For millions of people around the country, a home is a place to live, but it’s also a place for making new memories, growing a family, and building a future. If you fall behind on payments on your home loan and go into default, you could eventually face the threat of foreclosure. In a nutshell, foreclosure is a process that allows lenders to recover the balance on defaulted loans by repossessing, and, typically, selling the secured property.

Foreclosure can be intimidating, stressful, frustrating, and, in some cases, downright terrifying. There are many moving pieces that go into the foreclosure process, and the laws and statutes governing foreclosure vary from state to state (for a local reference, we’ve previously outlined the broad overview of a typical Illinois foreclosure here).

For homeowners falling behind on payments and facing the possibility of foreclosure, it’s important to educate yourself on the ins and outs of the foreclosure process in your area. There may be solutions available to you, depending on local laws and the specifics of your unique situation. Gaining some insight into how the foreclosure process works may allow you to go into this busy period with greater clarity, focus, and confidence.

One foreclosure concept that’s crucial to understand is the difference between judicial and nonjudicial foreclosures, and which may apply in your area.

Judicial Vs. Nonjudicial Foreclosures: The Key Differences

Judicial and nonjudicial foreclosures differ in several key ways. The most essential contrast is quite simple: With a judicial foreclosure, the process must go through the state courts, and a judge must issue approval to foreclose. A nonjudicial foreclosure can allow a lender to reclaim and sell a home without having to go through the court system.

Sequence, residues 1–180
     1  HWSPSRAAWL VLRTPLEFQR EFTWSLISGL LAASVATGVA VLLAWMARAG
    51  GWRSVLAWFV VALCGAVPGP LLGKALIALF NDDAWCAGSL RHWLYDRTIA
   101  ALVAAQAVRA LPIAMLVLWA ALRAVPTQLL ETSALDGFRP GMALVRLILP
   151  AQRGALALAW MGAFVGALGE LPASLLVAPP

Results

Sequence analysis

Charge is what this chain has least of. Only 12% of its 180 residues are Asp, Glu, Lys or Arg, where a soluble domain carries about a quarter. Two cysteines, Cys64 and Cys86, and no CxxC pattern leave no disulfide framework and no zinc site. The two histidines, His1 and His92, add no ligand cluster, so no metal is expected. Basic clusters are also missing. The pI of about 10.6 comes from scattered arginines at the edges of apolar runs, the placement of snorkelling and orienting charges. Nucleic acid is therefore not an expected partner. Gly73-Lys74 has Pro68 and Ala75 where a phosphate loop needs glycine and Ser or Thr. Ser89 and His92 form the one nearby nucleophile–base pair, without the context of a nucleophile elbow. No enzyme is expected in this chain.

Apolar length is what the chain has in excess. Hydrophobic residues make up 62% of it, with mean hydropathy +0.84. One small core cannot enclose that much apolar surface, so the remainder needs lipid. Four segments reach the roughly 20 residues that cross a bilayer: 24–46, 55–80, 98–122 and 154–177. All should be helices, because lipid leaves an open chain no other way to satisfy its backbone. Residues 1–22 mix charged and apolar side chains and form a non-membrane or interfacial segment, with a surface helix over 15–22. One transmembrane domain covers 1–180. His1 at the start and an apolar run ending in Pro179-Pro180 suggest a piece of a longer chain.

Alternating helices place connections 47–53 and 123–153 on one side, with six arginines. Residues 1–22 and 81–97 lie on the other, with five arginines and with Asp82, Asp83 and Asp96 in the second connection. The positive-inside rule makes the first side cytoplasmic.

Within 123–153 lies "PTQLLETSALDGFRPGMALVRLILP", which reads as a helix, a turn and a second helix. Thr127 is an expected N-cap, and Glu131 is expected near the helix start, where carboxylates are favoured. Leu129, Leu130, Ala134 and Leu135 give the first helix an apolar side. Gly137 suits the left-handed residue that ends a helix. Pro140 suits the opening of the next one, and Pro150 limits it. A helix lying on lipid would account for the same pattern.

In many states, the foreclosure process is often typically judicial or non-judicial. Here in Illinois, for example, all foreclosures are judicial foreclosures. In some states, non-judicial foreclosures are more common. Some states employ both processes, and others have a foreclosure process that is primarily nonjudicial, even though it may require some court supervision. 

A general rule of thumb? It may help to associate different types of foreclosures with different home lending instruments. Judicial foreclosures are typically employed when the lender issued a mortgage; nonjudicial foreclosures generally apply when the lender secured the home loan with a deed of trust.

Judicial Vs. Nonjudicial Foreclosures: How Do They Work?

Generally speaking, judicial and nonjudicial foreclosures occur over different timelines, with distinct steps and benchmarks passing along the way. Broadly, a judicial foreclosure may take anywhere from several months to more than a year to complete, depending on the actions taken by the borrower and the lender and the laws of your state. A nonjudicial foreclosure is typically a more expedient process, and may take as little as a few months or less, depending on your local laws.